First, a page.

Brazen double standards and the corruption of the English language to one side, the important question now is whether the change will be a good one. Unsurprisingly, I am of the view that it will not. On the contrary: Work is a virtue that should be reflexively encouraged. It is the means by which standards of living are grown, human potential is reached, individual lives are focused, positive and negative instincts are channeled, resources are utilized most efficiently, and, above all, by which dignity remains intact. It is the best antidote to personal and national ossification and sclerosis, and the primary means by which our present material comfort was achieved. It is the driving force behind improvement, both real and imagined, in the nation’s mainstream culture. Whatever the ideal role of government in contriving work or wages for those who are without them, we should all presumably be able to agree that if we are going to have an intrusive state, it should be doing precisely the opposite of encouraging people to limit their involvement in work.. (Prudence dictates that I couch this asseveration with a disclaimer: No, I do not consider it the role of government to force people to work against their will, nor to support them if they choose not to. But that is a decidedly different question from whether it should do more to enable them not to work.)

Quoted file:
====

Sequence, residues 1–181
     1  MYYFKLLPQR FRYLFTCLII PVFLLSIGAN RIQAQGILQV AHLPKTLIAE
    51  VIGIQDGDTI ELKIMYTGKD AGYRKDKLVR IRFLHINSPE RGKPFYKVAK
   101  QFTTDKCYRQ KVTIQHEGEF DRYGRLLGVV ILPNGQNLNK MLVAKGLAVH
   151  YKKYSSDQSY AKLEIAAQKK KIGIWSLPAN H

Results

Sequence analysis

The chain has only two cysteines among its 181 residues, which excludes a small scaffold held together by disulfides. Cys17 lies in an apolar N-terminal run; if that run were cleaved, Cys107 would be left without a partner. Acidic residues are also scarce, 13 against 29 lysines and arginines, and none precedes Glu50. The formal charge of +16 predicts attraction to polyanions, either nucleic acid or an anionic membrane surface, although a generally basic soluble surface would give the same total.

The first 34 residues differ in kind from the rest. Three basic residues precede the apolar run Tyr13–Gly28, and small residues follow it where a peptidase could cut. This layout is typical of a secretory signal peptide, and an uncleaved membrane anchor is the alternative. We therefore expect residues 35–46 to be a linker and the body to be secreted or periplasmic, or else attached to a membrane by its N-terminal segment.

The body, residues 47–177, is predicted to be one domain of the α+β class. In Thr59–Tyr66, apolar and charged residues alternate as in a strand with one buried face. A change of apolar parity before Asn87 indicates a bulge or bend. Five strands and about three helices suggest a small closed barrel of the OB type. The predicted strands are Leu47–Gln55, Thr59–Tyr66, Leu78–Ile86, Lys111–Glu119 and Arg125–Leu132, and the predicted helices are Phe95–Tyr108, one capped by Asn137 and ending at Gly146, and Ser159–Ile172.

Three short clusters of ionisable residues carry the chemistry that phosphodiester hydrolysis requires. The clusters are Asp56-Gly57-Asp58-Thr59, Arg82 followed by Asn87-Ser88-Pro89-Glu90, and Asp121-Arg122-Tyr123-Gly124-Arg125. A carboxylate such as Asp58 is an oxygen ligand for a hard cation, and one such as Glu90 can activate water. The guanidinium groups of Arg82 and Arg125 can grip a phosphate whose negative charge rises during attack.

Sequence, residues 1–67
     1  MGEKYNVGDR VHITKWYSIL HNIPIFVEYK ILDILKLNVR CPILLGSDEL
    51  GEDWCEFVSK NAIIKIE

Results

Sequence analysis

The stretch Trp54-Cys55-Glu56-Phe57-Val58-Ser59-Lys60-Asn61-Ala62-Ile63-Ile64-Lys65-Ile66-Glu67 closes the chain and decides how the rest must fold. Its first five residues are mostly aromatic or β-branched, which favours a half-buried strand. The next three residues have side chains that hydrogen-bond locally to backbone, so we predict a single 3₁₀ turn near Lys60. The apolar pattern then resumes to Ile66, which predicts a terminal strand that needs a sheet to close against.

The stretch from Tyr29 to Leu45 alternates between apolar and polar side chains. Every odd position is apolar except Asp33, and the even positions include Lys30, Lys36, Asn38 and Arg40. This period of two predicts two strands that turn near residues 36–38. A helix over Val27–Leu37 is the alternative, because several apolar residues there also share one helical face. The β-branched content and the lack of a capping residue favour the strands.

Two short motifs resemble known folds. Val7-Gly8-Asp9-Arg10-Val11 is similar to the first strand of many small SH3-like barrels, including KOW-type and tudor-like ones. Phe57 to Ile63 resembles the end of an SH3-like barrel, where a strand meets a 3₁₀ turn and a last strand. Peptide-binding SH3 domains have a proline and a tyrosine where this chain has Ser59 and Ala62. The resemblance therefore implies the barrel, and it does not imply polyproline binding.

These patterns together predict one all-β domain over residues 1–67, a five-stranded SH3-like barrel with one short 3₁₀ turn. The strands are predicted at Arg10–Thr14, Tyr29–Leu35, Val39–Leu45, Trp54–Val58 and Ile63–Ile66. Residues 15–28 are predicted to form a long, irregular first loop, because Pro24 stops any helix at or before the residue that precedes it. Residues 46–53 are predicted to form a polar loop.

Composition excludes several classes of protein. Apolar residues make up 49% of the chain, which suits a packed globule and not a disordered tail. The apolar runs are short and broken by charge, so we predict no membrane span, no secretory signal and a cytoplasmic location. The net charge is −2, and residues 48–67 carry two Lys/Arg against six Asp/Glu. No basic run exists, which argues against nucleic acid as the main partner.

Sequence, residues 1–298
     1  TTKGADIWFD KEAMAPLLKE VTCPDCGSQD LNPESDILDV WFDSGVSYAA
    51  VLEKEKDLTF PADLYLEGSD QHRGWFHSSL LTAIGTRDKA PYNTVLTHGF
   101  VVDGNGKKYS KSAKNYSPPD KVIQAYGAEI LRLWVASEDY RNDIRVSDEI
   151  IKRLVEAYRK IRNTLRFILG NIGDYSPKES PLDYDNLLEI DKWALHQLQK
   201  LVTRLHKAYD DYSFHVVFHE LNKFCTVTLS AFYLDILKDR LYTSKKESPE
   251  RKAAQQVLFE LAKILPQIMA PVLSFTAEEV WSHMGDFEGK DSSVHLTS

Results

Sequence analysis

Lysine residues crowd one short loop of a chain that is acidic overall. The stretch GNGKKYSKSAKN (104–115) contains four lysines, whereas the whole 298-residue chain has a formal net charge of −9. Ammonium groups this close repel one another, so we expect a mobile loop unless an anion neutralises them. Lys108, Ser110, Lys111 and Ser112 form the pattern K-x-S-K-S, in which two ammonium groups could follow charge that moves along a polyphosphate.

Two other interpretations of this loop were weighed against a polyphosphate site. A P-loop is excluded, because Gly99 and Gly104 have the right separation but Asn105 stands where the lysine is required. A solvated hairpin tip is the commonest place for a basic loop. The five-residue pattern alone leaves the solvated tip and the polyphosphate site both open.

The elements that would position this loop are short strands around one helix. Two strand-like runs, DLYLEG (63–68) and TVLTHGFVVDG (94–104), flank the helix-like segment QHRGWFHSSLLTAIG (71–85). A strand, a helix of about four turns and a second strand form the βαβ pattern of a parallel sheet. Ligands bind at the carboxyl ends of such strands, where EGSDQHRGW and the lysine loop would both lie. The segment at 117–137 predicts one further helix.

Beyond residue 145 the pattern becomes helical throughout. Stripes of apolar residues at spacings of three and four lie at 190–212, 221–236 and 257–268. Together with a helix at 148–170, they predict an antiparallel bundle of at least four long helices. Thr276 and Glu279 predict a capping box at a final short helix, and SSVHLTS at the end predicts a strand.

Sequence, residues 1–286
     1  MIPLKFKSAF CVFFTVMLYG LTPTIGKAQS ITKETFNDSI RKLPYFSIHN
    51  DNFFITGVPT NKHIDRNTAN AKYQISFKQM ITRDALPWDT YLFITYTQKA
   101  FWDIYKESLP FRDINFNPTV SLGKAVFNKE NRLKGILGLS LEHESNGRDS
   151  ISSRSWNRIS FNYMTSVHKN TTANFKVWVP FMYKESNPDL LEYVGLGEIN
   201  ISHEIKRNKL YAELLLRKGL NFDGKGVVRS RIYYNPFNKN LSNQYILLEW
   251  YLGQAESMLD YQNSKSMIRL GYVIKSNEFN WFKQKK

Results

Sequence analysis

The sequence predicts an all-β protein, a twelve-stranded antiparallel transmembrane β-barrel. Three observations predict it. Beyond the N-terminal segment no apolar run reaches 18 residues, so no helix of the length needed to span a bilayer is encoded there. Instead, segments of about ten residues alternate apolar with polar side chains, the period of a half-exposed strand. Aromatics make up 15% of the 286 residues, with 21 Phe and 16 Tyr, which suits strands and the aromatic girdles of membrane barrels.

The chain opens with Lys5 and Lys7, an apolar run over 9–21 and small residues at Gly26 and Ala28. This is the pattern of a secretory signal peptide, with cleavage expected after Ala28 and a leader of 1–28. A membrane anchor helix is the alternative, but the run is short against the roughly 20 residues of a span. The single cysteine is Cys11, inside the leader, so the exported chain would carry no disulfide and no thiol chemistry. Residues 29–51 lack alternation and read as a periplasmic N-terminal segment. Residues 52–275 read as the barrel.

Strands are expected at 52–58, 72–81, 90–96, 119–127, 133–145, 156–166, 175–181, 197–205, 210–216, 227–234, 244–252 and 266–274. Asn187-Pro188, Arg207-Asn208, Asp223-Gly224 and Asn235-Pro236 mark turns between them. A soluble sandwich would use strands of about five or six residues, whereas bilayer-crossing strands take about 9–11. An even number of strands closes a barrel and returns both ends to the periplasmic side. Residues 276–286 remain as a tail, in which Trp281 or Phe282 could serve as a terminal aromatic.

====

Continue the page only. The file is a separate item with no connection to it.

Yesterday, my colleague Patrick Brennan took a look at just how much Obamacare does to attenuate Americans’ need to work. His conclusion: “a lot.” Correctly, he writes that “for decades, Americans have tended to work harder and for longer than people do in other countries, which has made the U.S. richer and more competitive — and as our workforce ages and our entitlements get more expensive, encouraging economic growth and labor-force participation is going to become more important, not less.”